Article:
If you are unsure of how to size your image so that I can make a thermofax screen for you – here are some instructions. First the simple list. Then detailed instructions with pictures.
- SCAN your image (if you are working from a sketch.)
- CROP your image so there is no extra white space.
- SIZE your image so that it prints exactly the size you want.
- PRINT your image at 100% to test it out.
- NAME your image with your name, image name, the size YOU want the image printed at.
- SEND me your image via email after you have placed your order.
Now for detailed instructions.
With pictures and everything!
SCAN YOUR IMAGE
There are many ways to create imagery for thermofax screens – one of my favorite is simply doodling. This is an image from my sketchbook. In order to make this into a screen I first need to digitize it.
You can see the difference in this image where the lighting is perfectly even and the photo is square. When you scan your image please pay attention to the following.
RESOLUTION: scan at 300 dpi because you are concerned with print quality – not screen quality. 72 is standard for an image that you look at on your screen but is not high enough for a clear crisp print.
FILE TYPE: JPG will be the easiest to work with in a digital editing project. If your piece needs no cropping and is already in black and white a PDF might do as well.
COMPRESSION: when you scan your image, then save it, make sure that you do not compress the file further. At some point when you go to save you will see a quality slider similar to the one below. Make sure you drag the slider all the way to 12 – which is the maximum quality.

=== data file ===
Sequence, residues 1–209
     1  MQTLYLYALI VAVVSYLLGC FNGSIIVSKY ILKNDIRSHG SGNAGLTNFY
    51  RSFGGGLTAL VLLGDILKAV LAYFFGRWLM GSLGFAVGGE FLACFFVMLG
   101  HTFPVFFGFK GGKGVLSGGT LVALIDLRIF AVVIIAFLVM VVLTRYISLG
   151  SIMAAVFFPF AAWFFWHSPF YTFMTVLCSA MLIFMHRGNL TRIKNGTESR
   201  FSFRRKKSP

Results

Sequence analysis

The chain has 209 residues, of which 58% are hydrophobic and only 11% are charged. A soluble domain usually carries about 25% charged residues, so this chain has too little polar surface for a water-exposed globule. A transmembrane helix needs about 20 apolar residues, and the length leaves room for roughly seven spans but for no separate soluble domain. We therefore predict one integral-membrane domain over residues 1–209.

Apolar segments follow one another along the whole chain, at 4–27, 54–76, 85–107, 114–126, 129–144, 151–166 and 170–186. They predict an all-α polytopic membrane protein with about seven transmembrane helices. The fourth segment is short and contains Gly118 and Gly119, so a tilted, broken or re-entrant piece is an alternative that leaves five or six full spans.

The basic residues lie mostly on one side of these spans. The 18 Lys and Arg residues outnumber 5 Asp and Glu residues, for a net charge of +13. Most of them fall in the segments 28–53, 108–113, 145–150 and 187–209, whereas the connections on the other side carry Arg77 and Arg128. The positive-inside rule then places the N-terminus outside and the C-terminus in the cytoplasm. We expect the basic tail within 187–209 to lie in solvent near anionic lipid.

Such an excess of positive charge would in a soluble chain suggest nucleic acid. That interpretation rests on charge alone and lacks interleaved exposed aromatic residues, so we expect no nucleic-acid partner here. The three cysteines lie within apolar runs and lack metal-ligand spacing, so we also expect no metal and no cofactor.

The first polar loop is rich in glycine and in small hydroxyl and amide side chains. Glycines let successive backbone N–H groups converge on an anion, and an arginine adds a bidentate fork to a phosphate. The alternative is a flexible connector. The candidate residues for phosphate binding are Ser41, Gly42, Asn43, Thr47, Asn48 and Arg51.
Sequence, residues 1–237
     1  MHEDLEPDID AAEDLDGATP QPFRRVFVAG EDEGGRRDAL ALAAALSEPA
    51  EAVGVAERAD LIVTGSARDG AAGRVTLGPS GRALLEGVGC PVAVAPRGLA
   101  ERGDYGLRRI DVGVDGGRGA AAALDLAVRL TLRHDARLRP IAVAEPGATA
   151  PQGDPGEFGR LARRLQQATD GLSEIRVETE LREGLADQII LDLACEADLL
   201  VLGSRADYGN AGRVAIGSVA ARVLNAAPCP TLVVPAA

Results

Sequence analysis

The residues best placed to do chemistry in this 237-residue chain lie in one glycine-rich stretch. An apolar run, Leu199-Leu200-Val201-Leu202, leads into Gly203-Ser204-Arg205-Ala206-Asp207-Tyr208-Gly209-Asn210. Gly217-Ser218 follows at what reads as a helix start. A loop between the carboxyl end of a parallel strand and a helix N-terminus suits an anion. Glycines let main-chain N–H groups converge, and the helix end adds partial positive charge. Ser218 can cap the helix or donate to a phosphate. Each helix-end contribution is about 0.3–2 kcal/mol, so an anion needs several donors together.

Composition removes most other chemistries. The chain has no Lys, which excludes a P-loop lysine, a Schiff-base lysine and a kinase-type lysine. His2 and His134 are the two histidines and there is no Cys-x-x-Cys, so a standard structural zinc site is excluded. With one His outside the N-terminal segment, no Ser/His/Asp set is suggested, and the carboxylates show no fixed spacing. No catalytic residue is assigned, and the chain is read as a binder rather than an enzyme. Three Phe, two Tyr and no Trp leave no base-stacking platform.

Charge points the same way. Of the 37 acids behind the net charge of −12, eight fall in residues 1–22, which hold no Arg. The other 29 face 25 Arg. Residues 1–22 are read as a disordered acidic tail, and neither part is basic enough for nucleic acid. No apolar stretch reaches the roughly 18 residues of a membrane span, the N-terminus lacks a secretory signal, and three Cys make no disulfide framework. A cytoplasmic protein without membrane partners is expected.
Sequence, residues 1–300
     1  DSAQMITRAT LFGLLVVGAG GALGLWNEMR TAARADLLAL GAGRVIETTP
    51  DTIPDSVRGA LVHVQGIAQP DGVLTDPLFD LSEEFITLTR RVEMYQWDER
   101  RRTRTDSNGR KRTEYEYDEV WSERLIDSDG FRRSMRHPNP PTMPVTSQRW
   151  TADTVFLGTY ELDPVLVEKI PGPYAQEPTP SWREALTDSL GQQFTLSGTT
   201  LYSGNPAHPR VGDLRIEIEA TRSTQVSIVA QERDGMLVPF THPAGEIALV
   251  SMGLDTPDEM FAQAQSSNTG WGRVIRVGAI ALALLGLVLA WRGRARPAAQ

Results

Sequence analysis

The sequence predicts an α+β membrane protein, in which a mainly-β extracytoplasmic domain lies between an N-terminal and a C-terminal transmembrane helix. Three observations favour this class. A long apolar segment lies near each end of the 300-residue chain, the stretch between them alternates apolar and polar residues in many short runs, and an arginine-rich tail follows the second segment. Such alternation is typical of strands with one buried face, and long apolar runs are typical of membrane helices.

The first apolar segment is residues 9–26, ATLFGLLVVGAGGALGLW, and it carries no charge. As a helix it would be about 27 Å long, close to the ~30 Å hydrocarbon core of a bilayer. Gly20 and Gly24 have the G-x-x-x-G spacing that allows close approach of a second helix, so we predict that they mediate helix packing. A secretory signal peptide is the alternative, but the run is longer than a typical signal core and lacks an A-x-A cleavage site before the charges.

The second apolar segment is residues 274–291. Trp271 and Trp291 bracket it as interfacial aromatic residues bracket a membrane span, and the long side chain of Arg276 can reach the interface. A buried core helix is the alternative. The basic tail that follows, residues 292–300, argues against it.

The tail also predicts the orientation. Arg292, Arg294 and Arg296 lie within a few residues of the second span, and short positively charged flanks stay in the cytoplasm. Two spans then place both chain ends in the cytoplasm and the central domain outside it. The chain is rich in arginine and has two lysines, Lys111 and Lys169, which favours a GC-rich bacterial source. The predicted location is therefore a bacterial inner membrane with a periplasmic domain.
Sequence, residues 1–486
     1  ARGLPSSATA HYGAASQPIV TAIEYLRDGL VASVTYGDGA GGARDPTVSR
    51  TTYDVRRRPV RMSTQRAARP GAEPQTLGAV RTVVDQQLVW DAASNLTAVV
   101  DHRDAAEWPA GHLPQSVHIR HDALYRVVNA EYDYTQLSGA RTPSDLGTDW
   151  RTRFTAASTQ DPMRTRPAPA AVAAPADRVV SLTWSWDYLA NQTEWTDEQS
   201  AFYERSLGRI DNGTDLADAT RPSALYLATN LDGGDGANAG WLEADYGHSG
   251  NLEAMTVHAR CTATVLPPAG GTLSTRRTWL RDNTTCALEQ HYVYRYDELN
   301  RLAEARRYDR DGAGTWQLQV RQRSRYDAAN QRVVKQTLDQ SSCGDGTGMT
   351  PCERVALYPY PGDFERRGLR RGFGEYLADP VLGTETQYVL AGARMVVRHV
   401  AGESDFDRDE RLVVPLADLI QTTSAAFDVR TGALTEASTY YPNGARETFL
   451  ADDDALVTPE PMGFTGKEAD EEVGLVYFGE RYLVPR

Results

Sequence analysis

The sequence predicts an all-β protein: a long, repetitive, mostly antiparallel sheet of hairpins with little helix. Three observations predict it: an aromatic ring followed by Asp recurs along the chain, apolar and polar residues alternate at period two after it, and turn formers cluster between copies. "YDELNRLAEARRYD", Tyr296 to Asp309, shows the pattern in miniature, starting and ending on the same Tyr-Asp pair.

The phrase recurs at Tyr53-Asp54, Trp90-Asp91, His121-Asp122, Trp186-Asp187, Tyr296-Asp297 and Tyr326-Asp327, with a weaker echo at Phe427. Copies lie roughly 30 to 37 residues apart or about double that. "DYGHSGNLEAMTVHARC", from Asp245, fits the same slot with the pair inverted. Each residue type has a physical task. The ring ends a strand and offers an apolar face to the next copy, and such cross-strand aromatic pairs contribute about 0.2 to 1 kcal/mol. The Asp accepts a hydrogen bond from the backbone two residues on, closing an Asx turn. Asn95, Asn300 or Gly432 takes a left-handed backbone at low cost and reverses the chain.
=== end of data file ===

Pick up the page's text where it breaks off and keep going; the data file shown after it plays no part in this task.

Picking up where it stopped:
If you don’t have a scanner you can work with a photo taken with whatever camera you have. In this case I took a photo with my iPhone.
It is very difficult to get even lighting. It is also hard to keep the image from keystoning, see how the image is distorted as it is in the upper left corner you see here. See THIS TUTORIAL for working with the image to make it thermofax-ready. This image is NOT ready because it is not a stark black and white.
Once you get it stark black and white like this…… you might need to further edit it. Say you drew your doodle on a 4″ x 6″ page but you actually want a 6″ x 8″ image? You will need to size it. These instructions will work with pretty much any digital editing program. I’ve used Photoshop Elements, Photoshop, Paint Shop Pro, and Gimp as well as a few others. If you can’t find the tools I mention in exactly the same place just open your program and type the tool name in the HELP box at the top. Most of the programs will give you an arrow pointing to where that tool is located.
CROP YOUR IMAGE
See all that extra space around the image? In order for you to get exactly the size you want it will help you to get rid of all the extra. Look for the CROP tool… It usually looks like that little square I’ve pointed to on the left.
The crop tool will probably open a box over your image that you can then pull or drag along each corner to get rid of all the extra white.